Performative Emotions

by @edent | # #

Digging through my old tweets, I found this gem. A billion dollar idea that I never did anything was.

If my hazy memory is correct, we’d been asked to imagine future uses for a mobile phone with a front facing camera. The year was 2008. The iPhone had been out for a year – and it would be another two before it got a selfie-cam. But other 3G phones had them, and operators were struggling to find a way to monetise them.

My (naïve) idea was to have your camera continuously monitoring your face (!) and work out your emotions. If you received an SMS which made you laugh, the sender would get a laughing emoji automatically.

A silly idea? Probably! Here in 2020 we have the computing power to run facial recognition, basic emotional responses, and convert them into transmittable data. But I doubt many people would trust Facebook to continually scan their face just to save them the effort of manually typing :'-( in response to a sad message.

But there’s another downside.

Last year, I was asked to take part in a focus group for a TV advert. I was told that my webcam would be monitored and a computer would analyse my emotional response to the video I was being shown. Sounded invasive, but they were paying me. So why not.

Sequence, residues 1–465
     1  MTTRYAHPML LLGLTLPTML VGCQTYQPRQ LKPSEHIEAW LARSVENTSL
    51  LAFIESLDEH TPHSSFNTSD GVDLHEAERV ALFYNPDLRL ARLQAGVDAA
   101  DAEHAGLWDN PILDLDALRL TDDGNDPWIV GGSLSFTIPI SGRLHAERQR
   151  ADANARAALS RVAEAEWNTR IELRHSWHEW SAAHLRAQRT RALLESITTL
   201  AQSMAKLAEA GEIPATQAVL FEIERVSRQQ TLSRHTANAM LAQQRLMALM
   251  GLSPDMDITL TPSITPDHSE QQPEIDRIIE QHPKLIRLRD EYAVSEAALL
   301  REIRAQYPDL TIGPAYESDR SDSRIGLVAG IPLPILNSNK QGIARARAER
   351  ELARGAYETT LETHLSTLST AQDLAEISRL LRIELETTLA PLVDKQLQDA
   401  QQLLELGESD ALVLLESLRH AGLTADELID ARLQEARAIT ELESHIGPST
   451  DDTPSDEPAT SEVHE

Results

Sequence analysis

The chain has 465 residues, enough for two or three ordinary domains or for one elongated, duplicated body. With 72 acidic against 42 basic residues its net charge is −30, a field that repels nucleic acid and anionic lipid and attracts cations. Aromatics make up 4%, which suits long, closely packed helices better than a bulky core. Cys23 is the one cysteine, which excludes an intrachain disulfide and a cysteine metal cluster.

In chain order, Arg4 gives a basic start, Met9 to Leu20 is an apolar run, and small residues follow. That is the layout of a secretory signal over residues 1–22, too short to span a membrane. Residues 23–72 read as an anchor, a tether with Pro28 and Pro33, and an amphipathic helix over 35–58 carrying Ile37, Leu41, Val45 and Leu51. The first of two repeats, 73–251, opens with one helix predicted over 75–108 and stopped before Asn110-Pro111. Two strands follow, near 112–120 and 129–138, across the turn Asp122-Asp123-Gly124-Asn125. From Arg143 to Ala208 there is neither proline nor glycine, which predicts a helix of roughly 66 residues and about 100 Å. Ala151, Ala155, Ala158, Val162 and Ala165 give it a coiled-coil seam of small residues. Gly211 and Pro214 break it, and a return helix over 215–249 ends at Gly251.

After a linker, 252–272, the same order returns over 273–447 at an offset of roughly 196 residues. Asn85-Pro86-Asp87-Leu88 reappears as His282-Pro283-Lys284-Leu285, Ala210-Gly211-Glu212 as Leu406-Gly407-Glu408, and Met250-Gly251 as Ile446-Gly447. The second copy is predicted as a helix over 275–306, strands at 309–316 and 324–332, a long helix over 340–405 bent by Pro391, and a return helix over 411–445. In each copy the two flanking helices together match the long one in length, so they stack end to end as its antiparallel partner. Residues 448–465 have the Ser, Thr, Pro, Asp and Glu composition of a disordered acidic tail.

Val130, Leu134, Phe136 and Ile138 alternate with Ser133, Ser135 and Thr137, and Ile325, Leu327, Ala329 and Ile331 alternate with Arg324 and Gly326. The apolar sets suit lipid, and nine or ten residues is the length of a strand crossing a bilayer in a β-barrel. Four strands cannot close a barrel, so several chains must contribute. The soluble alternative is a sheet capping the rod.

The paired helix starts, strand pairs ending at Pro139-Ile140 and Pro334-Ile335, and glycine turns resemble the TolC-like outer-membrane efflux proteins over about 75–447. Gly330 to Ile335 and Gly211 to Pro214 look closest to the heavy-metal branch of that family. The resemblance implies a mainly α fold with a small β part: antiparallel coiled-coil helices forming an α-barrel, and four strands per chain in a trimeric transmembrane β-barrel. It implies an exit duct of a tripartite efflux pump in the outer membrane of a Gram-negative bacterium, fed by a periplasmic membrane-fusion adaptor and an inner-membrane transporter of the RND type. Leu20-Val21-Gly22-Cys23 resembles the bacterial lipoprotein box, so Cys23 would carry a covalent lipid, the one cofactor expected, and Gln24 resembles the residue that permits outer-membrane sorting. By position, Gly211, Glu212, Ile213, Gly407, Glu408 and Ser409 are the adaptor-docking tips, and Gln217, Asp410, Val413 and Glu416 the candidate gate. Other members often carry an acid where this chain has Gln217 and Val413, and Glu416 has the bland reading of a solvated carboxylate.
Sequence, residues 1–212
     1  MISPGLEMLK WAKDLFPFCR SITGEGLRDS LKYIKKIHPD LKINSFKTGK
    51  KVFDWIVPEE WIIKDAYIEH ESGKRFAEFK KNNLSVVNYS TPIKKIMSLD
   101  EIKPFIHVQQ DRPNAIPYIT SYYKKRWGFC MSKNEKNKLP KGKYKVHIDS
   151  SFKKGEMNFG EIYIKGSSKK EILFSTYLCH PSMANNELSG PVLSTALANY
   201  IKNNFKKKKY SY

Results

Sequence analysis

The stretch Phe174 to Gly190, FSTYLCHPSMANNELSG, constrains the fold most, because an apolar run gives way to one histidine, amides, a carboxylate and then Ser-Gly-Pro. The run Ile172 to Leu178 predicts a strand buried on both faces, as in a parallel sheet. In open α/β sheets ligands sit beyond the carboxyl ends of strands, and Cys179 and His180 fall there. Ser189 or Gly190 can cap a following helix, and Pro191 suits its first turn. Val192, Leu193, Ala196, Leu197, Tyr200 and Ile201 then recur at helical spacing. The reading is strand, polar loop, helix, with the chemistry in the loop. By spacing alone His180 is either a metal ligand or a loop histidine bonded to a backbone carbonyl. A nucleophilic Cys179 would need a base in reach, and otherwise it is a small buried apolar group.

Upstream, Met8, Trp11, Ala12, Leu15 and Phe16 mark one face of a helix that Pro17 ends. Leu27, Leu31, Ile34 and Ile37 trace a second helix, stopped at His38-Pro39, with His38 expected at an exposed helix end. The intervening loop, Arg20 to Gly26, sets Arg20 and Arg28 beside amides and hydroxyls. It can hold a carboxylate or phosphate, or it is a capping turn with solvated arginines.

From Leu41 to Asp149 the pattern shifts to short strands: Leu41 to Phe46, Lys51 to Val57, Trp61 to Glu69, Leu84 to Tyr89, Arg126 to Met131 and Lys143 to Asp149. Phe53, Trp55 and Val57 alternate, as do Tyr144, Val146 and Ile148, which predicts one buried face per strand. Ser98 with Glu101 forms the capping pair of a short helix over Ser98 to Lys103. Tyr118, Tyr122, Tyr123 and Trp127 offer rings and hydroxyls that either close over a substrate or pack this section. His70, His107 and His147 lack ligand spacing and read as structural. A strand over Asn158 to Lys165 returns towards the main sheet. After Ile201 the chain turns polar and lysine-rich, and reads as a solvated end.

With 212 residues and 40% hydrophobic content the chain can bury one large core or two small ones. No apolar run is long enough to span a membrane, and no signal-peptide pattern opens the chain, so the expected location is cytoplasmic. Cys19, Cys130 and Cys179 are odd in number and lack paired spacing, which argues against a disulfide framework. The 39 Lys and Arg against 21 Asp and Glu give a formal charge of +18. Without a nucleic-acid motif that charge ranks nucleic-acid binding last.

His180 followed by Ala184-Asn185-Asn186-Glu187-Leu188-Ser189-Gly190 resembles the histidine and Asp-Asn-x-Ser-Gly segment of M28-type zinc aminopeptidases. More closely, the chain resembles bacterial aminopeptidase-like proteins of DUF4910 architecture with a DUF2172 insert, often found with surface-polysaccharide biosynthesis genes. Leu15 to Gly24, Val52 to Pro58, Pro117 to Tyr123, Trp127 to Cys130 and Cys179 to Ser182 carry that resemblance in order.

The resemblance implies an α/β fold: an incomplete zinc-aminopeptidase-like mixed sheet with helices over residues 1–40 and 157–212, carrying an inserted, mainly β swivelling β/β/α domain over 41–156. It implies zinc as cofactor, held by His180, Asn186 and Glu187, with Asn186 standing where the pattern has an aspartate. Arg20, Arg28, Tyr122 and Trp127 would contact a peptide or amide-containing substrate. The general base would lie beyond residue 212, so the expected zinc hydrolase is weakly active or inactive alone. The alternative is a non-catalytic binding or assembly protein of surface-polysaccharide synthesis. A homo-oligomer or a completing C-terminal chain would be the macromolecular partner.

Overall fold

The advert was dull. But I found myself performing the emotions I thought they wanted me to see! I exaggeratedly rolled my eyes at every cliché, and grinned like a chimp at every inane joke. I knew that the computer was watching, and I felt like I had to put on a show for it.

How often have you actually laughed out loud before sending “LOL” to your friends? Rarely, I imagine. In that case, there are important social relationships to maintain. Perhaps that’s the same reason we wave at the end of Zoom calls. We want to strengthen our social bonds with other members of the group.

Our primitive monkey-brains don’t really understand that a computer isn’t a person. It has an eye, it watches us, it recognises an emotion – therefore, we feel compelled to perform for it.

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